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Caregivers have little spare time for themselves. So when you do get a break, you're probably craving rest, rather than thinking of exercise. Yet, of the two, exercise could be a far better choice. It may prevent you from getting sick, help you sleep better and is almost certain to give you more energy — three things of prime importance to a caregiver.
Your well-being can affect the quality of care you provide to your loved one, says Wendy Lustbader, M.S.W., a national lecturer and the coauthor of Taking Care of Aging Family Members: A Practical Guide. "It is better to get a break, if you can, as you're taking care of two lives," she says. Also, research has found that caregivers are more vulnerable to illness and can get sicker if they don't take care of themselves.
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Here are a few steps you can take to get yourself moving:
Keep it simple
Going to the health club may be attractive, but it may not be realistic if you squander precious time on packing appropriate clothes, traveling to and from the gym, and arranging alternative care for your loved one while you're there.
Instead, you can keep exercise as simple as a brisk walk around the block. "I recommend not thinking big. Just take a walk," Lustbader says. "[Caregivers] are often overwhelmed from a busy workday, so just walking as exercise may be the most they can do. It's a great release and way to be alone, recharge, meditate and collect oneself." Don't think of this as "inferior" exercise. Many studies have demonstrated that regular walking is one of the best things you can do to improve physical and mental health.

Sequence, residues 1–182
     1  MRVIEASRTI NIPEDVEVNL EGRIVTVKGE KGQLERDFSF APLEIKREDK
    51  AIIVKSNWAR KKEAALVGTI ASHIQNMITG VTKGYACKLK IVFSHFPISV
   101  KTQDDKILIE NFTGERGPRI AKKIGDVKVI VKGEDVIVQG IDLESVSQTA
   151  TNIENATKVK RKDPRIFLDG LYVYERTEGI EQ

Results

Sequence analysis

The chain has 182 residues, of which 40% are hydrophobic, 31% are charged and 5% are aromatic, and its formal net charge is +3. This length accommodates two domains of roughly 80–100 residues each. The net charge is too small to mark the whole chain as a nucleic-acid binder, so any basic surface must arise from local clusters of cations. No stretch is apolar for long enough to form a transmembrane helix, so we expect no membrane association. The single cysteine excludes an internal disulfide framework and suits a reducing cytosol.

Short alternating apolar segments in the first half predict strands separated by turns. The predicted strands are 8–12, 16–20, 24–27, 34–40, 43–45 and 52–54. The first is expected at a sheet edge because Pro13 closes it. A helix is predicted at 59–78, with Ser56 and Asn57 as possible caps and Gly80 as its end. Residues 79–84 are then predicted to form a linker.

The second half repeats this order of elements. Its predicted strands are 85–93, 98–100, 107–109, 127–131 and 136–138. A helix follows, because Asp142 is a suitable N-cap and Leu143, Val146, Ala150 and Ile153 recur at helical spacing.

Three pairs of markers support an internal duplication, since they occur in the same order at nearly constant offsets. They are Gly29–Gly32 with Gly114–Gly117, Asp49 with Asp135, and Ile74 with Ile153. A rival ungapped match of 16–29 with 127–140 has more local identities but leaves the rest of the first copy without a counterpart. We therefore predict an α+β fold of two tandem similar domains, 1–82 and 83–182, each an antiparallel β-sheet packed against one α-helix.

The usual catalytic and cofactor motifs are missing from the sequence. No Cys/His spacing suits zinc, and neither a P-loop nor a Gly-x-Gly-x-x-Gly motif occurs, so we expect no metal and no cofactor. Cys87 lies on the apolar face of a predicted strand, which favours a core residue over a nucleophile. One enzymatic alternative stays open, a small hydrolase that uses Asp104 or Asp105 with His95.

Another option is to use exercise videos at home. Your loved one may be able to sit on the couch and watch you work out, or you can try to schedule your video during nap time or when he or she is otherwise occupied. You can always stop a video quickly if your loved one needs your immediate attention.
Exercise recommendations are much the same for anyone. Your goal should be 30 to 40 minutes of moderately intense exercise at least three times a week.
Ideally, you'll want to exercise continuously for 30 minutes or more. (Some research says this gives you the maximum benefit). However, taking that much time off may not be an option unless you have backup help.